Controversies in the physiological basis of the ‘anaerobic threshold: Implications for cardiopulmonary exercise testing

Hopker, James G. and Jobson, Simon A. and Panditt, J.J (2011) Controversies in the physiological basis of the ‘anaerobic threshold: Implications for cardiopulmonary exercise testing. Anaesthesia, 66 (2). pp. 111-123. ISSN 0003-2409 . (The full text of this publication is not available from this repository)

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Official URL
http://dx.doi.org/10.1111/j.1365-2044.2010.06604.x

Abstract

This article reviews the notion of the ‘anaerobic threshold’ in the context of cardiopulmonary exercise testing. Primarily, this is a review of the proposed mechanisms underlying the ventilatory and lactate response to incremental exercise, which is important to the clinical interpretation of an exercise test. Since such tests are often conducted for risk stratification before major surgery, a failure to locate or justify the existence of an anaerobic threshold will have some implications for clinical practice. We also consider alternative endpoints within the exercise response that might be better used to indicate a patient’s capacity to cope with the metabolic demands encountered both during and following major surgery.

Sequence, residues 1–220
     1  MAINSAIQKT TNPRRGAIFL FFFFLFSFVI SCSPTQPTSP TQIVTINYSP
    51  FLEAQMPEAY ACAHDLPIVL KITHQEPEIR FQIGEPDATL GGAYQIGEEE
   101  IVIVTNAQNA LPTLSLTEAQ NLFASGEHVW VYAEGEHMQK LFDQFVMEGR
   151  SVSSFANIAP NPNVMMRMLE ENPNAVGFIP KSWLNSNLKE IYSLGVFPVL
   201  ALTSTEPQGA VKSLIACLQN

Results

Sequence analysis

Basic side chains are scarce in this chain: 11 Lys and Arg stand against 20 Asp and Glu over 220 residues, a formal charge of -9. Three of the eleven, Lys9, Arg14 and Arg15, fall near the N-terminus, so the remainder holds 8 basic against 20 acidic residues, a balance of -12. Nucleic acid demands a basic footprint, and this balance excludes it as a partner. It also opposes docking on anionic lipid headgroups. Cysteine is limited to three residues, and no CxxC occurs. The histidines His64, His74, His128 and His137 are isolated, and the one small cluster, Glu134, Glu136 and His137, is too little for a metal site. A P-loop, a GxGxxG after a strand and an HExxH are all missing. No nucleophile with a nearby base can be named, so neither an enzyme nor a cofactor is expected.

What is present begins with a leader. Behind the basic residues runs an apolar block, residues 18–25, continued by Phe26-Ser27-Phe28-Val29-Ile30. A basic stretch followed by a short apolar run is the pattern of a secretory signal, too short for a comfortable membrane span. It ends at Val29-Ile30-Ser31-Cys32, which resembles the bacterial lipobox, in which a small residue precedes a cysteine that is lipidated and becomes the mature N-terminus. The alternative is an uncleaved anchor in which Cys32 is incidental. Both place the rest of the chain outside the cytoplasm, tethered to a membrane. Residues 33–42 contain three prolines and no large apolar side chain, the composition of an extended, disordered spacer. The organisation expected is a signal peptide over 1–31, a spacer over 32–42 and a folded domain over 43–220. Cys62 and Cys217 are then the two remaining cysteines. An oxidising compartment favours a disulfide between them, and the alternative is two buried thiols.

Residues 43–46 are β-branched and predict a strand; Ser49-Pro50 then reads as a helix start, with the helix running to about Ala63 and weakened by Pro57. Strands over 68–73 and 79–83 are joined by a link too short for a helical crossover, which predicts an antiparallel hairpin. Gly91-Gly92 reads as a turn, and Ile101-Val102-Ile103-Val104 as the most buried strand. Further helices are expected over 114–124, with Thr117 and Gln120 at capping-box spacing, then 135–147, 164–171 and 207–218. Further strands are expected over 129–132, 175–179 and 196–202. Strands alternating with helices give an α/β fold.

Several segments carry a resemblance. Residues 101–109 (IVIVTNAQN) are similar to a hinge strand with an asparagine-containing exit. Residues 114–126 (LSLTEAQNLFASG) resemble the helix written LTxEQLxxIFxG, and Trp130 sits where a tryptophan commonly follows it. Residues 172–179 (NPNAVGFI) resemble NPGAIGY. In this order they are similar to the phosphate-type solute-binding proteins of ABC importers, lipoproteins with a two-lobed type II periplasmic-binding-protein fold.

Item Type: Article
Subjects: R Medicine > R Medicine (General)
R Medicine > RC Internal medicine > RC1200 Sports Medicine
Divisions: Faculties > Social Sciences > School of Sport and Exercise Studies
Depositing User: James Hopker
Date Deposited: 25 Jan 2011 20:37
Last Modified: 22 May 2014 11:43
Resource URI: http://kar.kent.ac.uk/id/eprint/26297 (The current URI for this page, for reference purposes)
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